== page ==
• Gender: Women in the menstruating age (pre-menopausal) are more prone to food cravings than men and find it more difficult to resist unhealthy foods. This is because hormonal changes that happen throughout the cycle, and month after month, cause stretches of high food craving. During periods, estrogen levels are low and progesterone levels are high. The brain has receptors for estrogen, and a reasonably high level of estrogen is associated with feeling satiated after eating. Low levels prevent this, making the person experience cravings. Estrogen also suppresses hunger by reducing levels of the ghrelin hormone and increasing the working of cholecystokinin, which suppresses appetite. Low estrogen levels reverse this function, leading to bouts of craving.
  • Exercise: Sessions of moderate to heavy exercise are known to reduce the levels of hormone ghrelin which stimulates appetite, and increases the levels of hormones – leptin and glucagon-like-peptide (GLP) which suppresses appetite, for a short duration after exercise. This implies that people who exercise regularly or live an active life are less prone to such food-cravings. In contrast, people with a sedentary lifestyle are at higher risk of food-cravings.
  • Medications: Certain anti-depressant and anti-psychotic drugs can create food cravings by interfering with the production of serotonin. Prednisone, a steroid-based drug can create leptin-resistance, so one is constantly feeling hungry and craving food.
  • Behaviour: Seemingly harmless behaviour can sometimes increase the risk of cravings. For example, a bakery or eatery on the route back from work to home can make the person stop and indulge once in a while. This soon reinforces a behaviour where every time, he/she passes the eatery, he/she is tempted to stop by and indulge. Similarly, purchasing vegetables and fruits from a large supermarket where packaged snacks are available in the same aisle can influence the person to purchase them as well.
  • Lifestyle: People who like to munch on a snack during or after smoking a cigarette reinforce a behavioural pattern because of which they begin to crave for both – a cigarette and the snack. Similarly, people who consume unhealthy snacks during a drinking session reinforce cravings for both a drink and the snack. People who consume a sweetened drink or a light snack immediately after exercising, begin to enjoy both over time, which creates such cravings. The benefits of exercise are totally lost, in such cases.
  • Food Marketing: One of the biggest risk-factor that people tend to ignore is – Food Marketing! Considering that the demand for unhealthy, packaged, snacks and condiments are so high, food and beverage manufacturers invest thousands of crores of rupees in their advertising. From ads on TV, internet, magazines and newspapers to hoardings and bill-boards in all commercial neighbourhoods, food advertising is everywhere! Children and young adults who have not yet formed the discipline of a healthy lifestyle are easily influenced by such marketing. In the process, a culture of consuming unhealthy foods starts at a young age. During adulthood, this leads to repeated cycles of food craving, binge eating and long-term food addiction.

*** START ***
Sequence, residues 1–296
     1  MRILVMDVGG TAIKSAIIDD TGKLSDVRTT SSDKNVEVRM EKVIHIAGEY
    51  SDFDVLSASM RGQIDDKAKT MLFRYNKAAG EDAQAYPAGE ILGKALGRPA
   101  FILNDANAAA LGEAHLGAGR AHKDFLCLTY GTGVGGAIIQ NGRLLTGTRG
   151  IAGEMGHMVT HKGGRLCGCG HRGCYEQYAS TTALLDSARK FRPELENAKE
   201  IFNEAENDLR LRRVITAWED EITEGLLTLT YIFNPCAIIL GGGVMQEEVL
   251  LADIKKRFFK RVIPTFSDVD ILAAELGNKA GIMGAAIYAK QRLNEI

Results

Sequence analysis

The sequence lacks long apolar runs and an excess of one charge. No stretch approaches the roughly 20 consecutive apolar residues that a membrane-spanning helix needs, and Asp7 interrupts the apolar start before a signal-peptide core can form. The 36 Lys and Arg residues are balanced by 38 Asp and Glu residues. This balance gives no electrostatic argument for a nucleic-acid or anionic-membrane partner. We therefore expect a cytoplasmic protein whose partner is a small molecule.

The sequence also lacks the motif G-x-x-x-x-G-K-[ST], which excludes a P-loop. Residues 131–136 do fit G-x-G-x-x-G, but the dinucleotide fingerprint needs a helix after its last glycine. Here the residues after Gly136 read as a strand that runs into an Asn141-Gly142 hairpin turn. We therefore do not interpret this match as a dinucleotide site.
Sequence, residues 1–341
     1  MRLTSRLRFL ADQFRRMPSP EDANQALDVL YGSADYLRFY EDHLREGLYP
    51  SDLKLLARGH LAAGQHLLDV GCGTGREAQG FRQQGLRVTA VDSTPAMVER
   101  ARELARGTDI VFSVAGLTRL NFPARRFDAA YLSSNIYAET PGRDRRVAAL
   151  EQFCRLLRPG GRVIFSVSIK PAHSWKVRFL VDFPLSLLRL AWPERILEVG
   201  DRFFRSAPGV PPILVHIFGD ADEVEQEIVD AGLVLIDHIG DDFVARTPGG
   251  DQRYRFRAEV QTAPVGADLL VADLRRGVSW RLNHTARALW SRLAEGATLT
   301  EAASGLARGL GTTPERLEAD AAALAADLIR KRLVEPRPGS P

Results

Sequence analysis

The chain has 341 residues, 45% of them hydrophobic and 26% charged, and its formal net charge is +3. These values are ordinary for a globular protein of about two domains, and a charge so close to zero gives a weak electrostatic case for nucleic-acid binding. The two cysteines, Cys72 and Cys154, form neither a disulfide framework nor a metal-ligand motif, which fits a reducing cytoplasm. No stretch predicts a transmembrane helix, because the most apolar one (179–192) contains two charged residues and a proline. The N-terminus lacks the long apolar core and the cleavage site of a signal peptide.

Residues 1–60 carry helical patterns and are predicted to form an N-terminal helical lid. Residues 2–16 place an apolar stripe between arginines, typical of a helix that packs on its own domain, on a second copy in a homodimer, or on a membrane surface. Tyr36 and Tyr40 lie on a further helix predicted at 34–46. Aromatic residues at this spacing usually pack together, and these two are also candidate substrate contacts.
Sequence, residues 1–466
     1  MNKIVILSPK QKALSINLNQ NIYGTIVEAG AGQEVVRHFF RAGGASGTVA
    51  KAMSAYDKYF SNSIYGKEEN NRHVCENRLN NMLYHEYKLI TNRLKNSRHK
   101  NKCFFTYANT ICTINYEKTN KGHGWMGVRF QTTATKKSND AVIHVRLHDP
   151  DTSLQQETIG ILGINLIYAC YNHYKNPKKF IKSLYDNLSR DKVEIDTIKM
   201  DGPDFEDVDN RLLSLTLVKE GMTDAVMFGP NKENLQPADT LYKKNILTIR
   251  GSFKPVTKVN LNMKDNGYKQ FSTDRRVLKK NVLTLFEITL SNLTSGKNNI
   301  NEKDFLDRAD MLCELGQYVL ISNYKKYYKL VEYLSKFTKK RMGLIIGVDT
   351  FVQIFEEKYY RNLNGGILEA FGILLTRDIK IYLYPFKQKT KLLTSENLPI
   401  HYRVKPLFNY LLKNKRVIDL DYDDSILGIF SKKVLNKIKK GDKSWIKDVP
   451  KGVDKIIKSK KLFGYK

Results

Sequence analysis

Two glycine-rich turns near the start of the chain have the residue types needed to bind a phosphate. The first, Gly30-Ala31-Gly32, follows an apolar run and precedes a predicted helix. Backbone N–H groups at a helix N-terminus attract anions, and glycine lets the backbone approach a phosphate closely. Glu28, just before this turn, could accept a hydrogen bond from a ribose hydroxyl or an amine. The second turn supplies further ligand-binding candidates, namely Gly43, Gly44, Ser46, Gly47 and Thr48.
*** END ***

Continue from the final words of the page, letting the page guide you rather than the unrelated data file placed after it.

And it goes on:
How to manage Food Cravings?

Our earlier article – ‘8 effective ways to manage food craving’ – has covered this in detail. So, we will only give some brief pointers here.

  • Eat a balanced and nutritious meal rich in protein and fibre which are satiating.
  • Avoid long stretches of not eating by consuming a small and nutritious meal every 3-4 hours during your waking hours.
  • Avoid hyperpalatable or ultra-processed snacks rich in salt, sugar, fat, refined carbohydrates and low in in nutrition, as much as possible.
  • Replace unhealthy snacks with whole fresh fruits, nuts and unsweetened yogurt.
  • Avoid food pornography. That is, avoid online sites and posts that glorify unhealthy food; avoid TV shows that showcase a wide variety of foods.
  • Change your behaviours: Avoid those candies in the office pantry, avoid that eatery on the way back home, avoid purchasing condiments along with fruits and vegetables, etc.
  • Practice mindfulness when you feel a craving. Question yourself why you are feeling the craving. Distract yourself, or indulge in a healthy snack. Practise mindful eating.
  • If you enjoy the ‘high’ from unhealthy foods, replace with activities such as walking, running, jogging, swimming, watching educational videos, singing, dancing, etc.


Kauvery Hospital is globally known for its multidisciplinary services at all its Centers of Excellence, and for its comprehensive, Avant-Grade technology, especially in diagnostics and remedial care in heart diseases, transplantation, vascular and neurosciences medicine. Located in the heart of Trichy (Tennur, Royal Road and Alexandria Road (Cantonment), Chennai, Hosur, Salem, Tirunelveli and Bengaluru, the hospital also renders adult and pediatric trauma care.

Chennai – Alwarpet/Vadapalani 044 4000 6000 • Trichy – Cantonment – 0431 4077777 • Trichy – Heartcity – 0431 4003500 • Trichy – Tennur – 0431 4022555 • Hosur – 04344 272727 • Salem – 0427 2677777 • Tirunelveli – 0462 4006000 • Bengaluru – 080 6801 6801